Unexpected construction delays and a tight labor market have made finishing the Hokkaido Shinkansen route to Sapporo by the end of the 2030 fiscal year problematic, although officials continue to say it will open on schedule.
Along with the Rapidus semiconductor plant in Chitose, the Hokkaido Shinkansen is a nationally supported project that the prefecture is counting on to help revive the local economy. The 212-kilometer route now under construction will link cities between Hakodate, at the southern tip of the prefecture, and Sapporo, completing a project that began in 2012 to connect Aomori Prefecture to Sapporo via shinkansen. Along the way to and from Sapporo, the train will stop at the ski resort town of Kutchan, close to Niseko, as well as the port city of Otaru.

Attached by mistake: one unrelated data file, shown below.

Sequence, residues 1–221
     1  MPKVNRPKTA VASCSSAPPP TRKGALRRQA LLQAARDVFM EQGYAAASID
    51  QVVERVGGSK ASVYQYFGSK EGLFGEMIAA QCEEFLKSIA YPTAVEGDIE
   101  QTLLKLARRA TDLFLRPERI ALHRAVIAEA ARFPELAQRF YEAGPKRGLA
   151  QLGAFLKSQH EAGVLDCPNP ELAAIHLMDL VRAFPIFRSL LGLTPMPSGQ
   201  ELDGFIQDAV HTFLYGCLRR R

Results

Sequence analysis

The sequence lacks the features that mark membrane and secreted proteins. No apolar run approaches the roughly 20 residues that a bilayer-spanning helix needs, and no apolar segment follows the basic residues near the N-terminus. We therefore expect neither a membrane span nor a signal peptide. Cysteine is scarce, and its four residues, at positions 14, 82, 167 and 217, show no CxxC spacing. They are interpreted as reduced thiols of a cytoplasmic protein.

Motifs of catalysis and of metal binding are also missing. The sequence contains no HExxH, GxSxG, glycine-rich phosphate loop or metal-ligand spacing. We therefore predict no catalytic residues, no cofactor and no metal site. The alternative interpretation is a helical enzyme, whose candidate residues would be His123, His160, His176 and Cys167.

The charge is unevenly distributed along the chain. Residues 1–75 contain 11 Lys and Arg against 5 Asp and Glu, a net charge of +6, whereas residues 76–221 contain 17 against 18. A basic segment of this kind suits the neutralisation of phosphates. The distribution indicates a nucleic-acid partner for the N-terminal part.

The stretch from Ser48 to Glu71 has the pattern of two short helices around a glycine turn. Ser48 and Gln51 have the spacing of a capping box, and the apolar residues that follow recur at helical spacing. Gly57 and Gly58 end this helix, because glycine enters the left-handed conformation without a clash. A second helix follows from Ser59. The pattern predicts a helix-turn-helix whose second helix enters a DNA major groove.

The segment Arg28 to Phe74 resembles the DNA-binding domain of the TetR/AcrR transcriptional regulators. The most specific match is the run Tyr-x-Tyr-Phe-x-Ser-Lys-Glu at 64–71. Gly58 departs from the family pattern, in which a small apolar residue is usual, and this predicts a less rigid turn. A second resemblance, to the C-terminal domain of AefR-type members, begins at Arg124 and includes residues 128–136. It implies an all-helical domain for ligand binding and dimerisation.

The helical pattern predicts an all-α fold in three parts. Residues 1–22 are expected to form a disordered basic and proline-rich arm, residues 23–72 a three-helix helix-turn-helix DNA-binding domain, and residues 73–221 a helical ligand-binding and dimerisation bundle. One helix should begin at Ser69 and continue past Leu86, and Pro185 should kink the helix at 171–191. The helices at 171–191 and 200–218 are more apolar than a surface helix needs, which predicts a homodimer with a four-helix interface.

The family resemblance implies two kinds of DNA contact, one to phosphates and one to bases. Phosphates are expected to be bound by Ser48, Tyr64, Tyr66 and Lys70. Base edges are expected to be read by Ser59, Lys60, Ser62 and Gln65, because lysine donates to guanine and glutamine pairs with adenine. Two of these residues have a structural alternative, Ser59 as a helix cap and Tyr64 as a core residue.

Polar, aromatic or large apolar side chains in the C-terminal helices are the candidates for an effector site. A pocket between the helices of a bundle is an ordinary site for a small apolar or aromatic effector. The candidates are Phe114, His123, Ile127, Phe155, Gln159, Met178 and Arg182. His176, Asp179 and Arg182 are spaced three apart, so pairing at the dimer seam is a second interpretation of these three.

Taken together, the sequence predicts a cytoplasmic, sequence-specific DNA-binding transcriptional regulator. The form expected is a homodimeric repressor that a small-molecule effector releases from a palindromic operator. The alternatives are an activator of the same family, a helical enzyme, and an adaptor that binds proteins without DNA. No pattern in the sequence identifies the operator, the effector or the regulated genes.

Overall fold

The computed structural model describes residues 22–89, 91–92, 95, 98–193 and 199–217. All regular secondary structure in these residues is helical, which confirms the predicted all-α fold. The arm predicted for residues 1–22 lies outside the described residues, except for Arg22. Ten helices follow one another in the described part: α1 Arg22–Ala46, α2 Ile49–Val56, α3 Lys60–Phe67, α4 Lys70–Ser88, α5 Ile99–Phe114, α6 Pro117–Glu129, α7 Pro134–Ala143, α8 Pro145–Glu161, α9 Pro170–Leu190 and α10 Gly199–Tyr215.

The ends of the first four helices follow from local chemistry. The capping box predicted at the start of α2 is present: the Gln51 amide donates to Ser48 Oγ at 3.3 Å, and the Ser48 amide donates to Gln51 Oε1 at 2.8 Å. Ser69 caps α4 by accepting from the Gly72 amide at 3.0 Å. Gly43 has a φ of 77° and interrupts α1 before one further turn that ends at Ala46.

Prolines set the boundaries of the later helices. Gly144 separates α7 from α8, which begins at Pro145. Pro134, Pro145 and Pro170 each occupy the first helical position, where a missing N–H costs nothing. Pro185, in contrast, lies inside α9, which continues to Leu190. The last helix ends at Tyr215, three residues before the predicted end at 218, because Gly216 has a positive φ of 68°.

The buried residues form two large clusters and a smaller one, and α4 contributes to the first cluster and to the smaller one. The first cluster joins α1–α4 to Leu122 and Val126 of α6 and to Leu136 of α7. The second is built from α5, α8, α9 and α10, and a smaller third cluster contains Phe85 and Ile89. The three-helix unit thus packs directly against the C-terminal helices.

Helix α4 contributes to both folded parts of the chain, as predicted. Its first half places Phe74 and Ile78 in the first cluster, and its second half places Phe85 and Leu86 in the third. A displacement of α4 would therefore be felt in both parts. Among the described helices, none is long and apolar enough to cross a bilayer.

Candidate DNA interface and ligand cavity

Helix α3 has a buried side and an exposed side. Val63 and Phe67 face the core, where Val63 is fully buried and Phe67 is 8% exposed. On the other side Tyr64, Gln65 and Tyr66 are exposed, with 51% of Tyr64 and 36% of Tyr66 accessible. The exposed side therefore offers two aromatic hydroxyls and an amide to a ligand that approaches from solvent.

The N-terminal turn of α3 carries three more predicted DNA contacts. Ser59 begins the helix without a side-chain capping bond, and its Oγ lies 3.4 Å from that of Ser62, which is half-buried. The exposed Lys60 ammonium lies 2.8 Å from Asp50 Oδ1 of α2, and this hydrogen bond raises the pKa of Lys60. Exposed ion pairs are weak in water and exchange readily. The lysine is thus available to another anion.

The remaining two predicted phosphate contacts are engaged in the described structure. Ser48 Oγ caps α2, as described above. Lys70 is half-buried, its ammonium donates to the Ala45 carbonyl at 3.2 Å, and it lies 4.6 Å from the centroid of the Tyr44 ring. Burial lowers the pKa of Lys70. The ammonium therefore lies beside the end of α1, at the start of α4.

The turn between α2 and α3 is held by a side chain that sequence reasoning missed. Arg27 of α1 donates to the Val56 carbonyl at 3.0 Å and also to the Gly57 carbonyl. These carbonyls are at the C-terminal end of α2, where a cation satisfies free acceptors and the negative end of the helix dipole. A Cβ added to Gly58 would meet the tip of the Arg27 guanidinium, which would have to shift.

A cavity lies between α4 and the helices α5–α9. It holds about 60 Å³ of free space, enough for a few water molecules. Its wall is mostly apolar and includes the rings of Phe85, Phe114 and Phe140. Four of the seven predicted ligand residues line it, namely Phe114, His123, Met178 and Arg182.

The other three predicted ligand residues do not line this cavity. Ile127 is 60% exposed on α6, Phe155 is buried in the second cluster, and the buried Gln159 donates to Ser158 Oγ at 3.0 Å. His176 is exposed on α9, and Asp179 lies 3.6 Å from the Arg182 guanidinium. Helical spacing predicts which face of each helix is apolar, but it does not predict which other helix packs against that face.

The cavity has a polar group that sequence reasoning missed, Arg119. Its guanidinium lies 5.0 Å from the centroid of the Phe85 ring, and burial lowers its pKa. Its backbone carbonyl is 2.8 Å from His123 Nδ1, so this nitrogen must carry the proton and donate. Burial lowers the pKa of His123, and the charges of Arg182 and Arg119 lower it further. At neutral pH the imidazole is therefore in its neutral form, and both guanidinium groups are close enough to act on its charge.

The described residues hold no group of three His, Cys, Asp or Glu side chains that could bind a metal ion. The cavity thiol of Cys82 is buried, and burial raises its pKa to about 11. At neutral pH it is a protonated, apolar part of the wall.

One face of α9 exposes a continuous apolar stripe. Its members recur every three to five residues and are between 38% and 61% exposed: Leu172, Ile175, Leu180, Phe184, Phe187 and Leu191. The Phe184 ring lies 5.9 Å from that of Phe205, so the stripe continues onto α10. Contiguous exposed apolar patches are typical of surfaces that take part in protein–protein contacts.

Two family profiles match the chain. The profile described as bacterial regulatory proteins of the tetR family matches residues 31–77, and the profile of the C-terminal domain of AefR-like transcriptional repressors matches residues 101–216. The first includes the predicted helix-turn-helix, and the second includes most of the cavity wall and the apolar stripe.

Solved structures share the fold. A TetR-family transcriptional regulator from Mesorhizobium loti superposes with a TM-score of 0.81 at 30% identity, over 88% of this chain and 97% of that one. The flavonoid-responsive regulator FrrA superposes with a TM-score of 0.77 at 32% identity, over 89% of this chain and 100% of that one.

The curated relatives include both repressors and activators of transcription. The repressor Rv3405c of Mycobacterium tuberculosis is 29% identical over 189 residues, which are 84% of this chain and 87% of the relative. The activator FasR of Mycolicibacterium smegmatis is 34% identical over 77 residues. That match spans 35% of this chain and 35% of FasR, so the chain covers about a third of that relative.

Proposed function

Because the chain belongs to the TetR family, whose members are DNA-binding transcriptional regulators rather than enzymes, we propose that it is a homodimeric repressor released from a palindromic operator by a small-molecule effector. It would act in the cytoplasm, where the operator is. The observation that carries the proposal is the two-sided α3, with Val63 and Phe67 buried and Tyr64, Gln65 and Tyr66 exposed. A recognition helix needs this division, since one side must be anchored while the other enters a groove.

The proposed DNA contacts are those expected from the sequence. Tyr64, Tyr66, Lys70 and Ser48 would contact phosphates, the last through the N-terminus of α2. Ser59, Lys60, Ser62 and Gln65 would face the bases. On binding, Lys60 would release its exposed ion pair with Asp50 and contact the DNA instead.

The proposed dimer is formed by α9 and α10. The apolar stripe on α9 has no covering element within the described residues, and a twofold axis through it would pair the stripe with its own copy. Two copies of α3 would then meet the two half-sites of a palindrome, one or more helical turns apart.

The first part of the Hokkaido Shinkansen, the 149 km route between Shin-Aomori station and Shin-Hakodate-Hokuto, near the port city of Hakodate, opened in 2016. Once the Hokkaido Shinkansen is extended to Sapporo, it will be possible to travel from Sapporo to Shin-Aomori, and then by Tohoku Shinkansen all the way to Tokyo. Total travel time will be five hours, as opposed to the nine hours by shinkansen and regular train service now required.